Some see her art as sexualized. I’d rather see Huguette Caland’s linear eroticism, which shifts between abstraction and figuration, as an exploration of intimacy of human bodies and relationships. She might be one of the most brilliant Arab artists to have emerged since the 1970s, yet so little is written about her: is it because she challenged tradition and Arab conventions of female modesty?
Daughter of a Hero
Caland was born in Lebanon in 1931 as the daughter of Bechara El Khoury, a hero of Lebanese nationalism and the first president of postcolonial Lebanon. She deeply disappointed him falling in love with a French-Lebanese man, who above all was the nephew of her father’s greatest rivals… They had three children, but soon Huguette disappointed also her husband: first she took a lover called Mustafa, then left him and her family to begin a new life in Paris. Then, she moved to Venice, California for many years, to finally return to Beirut in 2013.
Freedom and Love
Caland turned to art quite late in her life, beginning studies at the American University in Beirut in her 30s. Although she started a career in the early 1960s, she gained real recognition after moving to Paris. It might be for the fact that Beirut was not ready for her art, since at that time her painted nudes caused shock and continuous speculation about her morals. “Huguette was a free woman and it was too much for Beirut …”, said Nadine Beghdache, daughter of Caland’s Lebanon gallerist Janine Rubeiz.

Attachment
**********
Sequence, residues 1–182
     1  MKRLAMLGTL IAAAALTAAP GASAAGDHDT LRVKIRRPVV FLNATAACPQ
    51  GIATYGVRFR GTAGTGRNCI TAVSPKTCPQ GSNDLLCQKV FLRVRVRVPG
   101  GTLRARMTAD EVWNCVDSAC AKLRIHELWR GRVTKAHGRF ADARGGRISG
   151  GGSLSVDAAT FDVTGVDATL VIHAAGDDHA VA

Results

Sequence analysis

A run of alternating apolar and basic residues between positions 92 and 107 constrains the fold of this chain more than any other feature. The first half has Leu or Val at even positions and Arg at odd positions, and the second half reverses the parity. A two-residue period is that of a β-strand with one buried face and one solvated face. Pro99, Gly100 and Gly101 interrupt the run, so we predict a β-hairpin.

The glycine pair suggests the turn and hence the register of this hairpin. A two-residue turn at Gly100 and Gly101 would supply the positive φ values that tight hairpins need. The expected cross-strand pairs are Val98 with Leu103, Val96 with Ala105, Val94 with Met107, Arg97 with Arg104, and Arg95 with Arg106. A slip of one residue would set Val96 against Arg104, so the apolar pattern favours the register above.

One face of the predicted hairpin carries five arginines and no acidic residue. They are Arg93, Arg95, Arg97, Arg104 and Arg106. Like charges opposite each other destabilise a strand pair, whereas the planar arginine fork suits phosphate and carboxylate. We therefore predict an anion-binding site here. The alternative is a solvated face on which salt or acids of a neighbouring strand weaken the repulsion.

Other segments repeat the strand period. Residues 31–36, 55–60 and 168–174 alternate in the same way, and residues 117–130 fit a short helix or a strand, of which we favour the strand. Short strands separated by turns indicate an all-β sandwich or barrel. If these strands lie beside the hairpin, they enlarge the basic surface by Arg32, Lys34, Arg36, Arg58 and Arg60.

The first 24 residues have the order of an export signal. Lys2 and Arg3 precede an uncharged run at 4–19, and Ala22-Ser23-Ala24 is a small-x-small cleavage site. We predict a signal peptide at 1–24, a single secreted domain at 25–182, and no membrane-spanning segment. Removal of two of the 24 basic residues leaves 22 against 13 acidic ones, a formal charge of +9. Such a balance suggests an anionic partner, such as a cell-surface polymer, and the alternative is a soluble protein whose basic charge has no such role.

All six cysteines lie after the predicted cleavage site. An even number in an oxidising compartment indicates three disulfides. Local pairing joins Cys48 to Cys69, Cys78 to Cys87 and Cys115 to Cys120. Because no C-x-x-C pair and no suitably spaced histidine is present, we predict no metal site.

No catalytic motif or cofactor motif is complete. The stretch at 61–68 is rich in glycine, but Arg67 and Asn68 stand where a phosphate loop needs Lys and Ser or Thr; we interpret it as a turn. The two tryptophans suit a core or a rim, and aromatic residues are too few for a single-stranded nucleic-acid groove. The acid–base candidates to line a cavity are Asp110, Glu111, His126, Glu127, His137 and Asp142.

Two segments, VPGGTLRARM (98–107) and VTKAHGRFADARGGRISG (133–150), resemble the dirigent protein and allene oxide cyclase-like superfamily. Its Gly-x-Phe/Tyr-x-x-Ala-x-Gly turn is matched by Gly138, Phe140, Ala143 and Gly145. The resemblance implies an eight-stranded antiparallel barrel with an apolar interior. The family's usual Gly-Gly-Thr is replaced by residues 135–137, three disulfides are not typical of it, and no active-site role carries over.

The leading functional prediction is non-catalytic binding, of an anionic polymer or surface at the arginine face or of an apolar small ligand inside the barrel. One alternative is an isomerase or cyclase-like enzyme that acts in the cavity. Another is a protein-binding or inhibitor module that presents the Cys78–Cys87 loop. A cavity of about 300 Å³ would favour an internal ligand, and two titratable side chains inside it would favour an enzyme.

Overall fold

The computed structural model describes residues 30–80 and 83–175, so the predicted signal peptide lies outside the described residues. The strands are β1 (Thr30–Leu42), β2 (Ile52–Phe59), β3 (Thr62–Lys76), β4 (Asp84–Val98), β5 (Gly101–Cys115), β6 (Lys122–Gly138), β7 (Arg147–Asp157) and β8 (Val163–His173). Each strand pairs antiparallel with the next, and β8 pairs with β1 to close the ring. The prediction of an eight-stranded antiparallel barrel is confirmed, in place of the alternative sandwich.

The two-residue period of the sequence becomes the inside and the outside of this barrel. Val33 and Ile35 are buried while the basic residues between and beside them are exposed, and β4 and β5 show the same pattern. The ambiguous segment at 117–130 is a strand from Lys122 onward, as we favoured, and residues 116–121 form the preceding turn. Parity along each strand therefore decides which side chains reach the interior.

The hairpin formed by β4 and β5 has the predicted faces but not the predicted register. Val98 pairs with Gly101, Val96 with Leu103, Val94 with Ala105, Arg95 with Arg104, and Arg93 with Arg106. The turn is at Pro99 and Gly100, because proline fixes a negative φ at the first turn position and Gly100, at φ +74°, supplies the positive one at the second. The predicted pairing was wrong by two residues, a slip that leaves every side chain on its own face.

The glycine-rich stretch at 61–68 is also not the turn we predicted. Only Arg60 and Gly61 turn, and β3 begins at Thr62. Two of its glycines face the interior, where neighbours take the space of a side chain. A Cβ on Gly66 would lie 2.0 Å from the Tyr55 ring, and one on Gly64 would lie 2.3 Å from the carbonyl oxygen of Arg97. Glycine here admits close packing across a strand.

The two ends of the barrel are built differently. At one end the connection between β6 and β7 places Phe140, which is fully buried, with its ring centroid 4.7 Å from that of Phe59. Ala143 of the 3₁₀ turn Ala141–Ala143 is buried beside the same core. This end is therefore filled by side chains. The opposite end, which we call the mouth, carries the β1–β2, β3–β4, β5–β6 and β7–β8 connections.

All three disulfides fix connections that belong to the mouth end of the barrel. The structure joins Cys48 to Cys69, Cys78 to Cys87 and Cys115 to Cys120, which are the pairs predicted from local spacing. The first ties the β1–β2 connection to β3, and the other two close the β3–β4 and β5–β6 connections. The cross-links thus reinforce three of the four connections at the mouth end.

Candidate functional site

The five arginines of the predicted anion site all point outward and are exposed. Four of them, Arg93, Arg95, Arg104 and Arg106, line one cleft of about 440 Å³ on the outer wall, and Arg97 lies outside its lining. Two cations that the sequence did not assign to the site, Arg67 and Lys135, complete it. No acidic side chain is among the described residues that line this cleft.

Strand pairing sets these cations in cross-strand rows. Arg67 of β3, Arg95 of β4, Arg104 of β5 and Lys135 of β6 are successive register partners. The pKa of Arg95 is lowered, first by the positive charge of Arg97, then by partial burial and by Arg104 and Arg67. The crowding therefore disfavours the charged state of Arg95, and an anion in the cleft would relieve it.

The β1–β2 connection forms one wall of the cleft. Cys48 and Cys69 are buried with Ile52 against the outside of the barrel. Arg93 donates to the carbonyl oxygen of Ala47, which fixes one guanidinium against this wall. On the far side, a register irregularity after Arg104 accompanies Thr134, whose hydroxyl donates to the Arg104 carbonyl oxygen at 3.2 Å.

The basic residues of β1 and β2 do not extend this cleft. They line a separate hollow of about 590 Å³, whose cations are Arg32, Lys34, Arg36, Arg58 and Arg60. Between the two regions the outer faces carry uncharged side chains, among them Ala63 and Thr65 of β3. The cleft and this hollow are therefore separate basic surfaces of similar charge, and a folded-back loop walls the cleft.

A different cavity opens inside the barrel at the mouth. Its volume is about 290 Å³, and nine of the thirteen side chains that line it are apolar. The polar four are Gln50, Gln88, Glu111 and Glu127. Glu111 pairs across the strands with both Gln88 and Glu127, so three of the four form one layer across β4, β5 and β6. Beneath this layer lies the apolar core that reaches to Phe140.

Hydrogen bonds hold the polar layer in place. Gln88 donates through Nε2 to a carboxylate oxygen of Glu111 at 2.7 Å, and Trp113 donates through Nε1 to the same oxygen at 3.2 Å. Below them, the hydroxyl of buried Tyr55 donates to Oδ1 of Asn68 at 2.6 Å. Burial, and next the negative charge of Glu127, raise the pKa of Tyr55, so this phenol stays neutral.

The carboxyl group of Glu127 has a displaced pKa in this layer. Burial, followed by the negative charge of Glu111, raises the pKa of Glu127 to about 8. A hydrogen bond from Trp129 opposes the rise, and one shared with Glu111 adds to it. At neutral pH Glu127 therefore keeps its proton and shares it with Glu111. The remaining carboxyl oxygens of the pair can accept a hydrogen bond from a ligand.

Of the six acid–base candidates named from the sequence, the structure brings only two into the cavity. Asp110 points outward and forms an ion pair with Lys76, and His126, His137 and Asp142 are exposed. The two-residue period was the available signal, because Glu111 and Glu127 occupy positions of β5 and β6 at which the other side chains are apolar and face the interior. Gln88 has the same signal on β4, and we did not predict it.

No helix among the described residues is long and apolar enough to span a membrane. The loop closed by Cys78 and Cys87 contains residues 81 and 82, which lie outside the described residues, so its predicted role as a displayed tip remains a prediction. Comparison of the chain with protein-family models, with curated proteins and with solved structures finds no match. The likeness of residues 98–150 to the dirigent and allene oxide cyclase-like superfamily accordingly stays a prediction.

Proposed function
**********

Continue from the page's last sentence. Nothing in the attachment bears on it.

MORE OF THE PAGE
Her first works explored bodies in their amorousness and anatomy: she sculpted and painted semi-abstract inexplicit nudes-‘bodyscapes’ with a lightweight and humorous style. Her series of drawings from the early 1970s expand the potentialities of line with an unbridled wildness, transforming her figures’ limbs into landscapes and landscapes again into body parts. Her thinly drawn people, often in erotic liberation, might be an allusion to the sexual emancipation of the 1970s. Or, since the lines immerse the viewer in profound lyricism, they might be inspired by the decadent poetry of Paul Verlaine, who as Caland left his wife and family for a life of romance with Arthur Rimbaud.
A Line Woman
Caland aptly declared: “I’m a line person,” and as soon as she moved to Paris, she was invited to design a line of haute couture caftans for Pierre Cardin. Even the clothing she creates is as intricate, playful, and memory-infused as her paintings, drawings, and sculptures, whose delicate lines are based on Caland’s childhood memories of handwoven rugs that surrounded her in her childhood home in Beirut. And so her compositions are textile-like and minutely patterned, balancing between the suggestive and the explicit.